User Tools

Site Tools


Add a new page:


Open Problems

Our present understanding of nature is far from complete.

Real problems are things related to unexplained observed phenomena, like dark matter or dark energy.

In addition, there are things that we can describe but do not understand. These are not really problems but rather puzzles. Examples are the still not understood masses and mixing angles of the elementary particles or also the hierarchy puzzle and the question why strong interactions do not violate CP symmetry.

The 5 Great Problems

  1. The problem of quantum gravity. This is the problem of combining general relativity and quantum theory into one theory. Such a theory would be able to describe all known interactions of nature.
  2. The problem of quantum theories. This is the problem of understanding quantum such that it makes sense and solve its fundamental problems.
  3. The unification of the particles and forces. Still no theory exists that unifies all known particles and interactions into a single fundamental entity.
  4. Explain the constants of nature. The standard model of particle physics has 20+ free parameters that need to be inferred from experiments. It is an open problem to understand how these values are "chosen" by nature.
  5. Explain dark matter and dark energy. If they really exists, as suggested by experiments, we need to understand what they consists of. In addition, the constants of the standard model of cosmology need the be explained.

For more information, see the chapter "The Five Great Problems in Theoretical Physics" in the book "Time Reborn" by Lee Smolin.

Lists of Open Problems


The laws of physics seem to be composed out of five fundamental ingredients:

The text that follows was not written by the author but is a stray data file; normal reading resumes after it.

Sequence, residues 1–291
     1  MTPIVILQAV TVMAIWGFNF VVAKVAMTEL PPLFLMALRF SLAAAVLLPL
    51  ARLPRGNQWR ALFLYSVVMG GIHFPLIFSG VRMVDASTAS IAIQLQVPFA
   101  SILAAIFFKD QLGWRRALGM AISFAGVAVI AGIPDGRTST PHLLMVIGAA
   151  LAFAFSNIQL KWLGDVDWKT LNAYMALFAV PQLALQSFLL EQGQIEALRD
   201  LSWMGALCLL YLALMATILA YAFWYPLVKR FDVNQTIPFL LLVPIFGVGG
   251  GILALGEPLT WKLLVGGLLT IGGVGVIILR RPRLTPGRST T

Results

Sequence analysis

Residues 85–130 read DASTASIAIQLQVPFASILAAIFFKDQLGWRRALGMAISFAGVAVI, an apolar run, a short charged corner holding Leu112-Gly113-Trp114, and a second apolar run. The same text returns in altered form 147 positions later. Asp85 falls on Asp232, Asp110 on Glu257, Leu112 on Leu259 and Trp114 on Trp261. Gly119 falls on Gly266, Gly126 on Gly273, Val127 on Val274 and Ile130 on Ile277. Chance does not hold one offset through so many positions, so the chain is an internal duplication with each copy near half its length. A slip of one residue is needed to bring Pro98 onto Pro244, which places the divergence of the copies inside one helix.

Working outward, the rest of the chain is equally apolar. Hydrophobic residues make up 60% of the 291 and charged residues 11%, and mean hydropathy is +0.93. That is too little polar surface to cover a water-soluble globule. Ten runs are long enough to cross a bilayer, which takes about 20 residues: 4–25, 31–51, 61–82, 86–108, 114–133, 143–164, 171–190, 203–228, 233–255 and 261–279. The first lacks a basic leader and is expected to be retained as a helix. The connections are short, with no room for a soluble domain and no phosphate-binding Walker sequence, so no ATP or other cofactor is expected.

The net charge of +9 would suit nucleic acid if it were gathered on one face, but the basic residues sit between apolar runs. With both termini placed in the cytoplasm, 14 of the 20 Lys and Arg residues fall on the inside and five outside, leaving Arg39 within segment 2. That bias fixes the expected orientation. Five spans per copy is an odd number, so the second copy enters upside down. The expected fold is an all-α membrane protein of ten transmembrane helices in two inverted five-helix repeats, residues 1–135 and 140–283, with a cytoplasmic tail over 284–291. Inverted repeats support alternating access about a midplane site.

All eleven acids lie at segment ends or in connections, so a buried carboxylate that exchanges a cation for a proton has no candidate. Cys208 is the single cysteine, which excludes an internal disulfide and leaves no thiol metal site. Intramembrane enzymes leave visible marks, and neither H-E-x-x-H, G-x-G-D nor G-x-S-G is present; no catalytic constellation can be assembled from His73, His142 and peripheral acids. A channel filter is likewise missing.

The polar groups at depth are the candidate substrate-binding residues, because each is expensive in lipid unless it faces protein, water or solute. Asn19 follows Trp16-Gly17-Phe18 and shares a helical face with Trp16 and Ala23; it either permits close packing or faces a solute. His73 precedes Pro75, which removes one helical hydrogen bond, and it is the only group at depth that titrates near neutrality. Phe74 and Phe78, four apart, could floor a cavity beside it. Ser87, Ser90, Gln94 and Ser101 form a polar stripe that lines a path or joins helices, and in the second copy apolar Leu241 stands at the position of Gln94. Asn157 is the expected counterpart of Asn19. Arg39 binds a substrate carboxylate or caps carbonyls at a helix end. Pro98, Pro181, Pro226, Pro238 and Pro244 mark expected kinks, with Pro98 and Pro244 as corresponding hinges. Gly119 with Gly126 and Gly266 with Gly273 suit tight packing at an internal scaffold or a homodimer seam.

• 1 Identical particles.
  • 2 Gauge interactions.
  • 3 Fermi statistics.
  • 4 Chiral fermions.
  • 5 Gravity.

The question is whether one can find a “deeper structure” that gives rise to all five of these phenomena. In addition to being consistent with our current understanding of the universe, such a structure would be quite appealing from a theoretical point of view: it would unify and explain the origin of these seemingly mysterious and disconnected phenomena. The U(/1)xSU(2)xSU(3) Standard Model fails to provide such a complete story for even the first four phenomena. Although it describes identical particles, gauge interactions, Fermi statistics, and chiral fermions in a single theory, each of these components are introduced independently and by hand. For example, field theory is introduced to explain identical particles, vector gauge fields are introduced to describe gauge interactions Yang and Mills, 1954, and anticommuting fields are introduced to explain Fermi statistics. One wonders—where do these mysterious gauge symmetries and anticommuting fields come from? Why does nature choose such peculiar things as fermions and gauge bosons to describe itself?

Colloquium: Photons and electrons as emergent phenomena Michael Levin and Xiao-Gang Wen

open_problems.txt · Last modified: 2019/02/08 09:24 by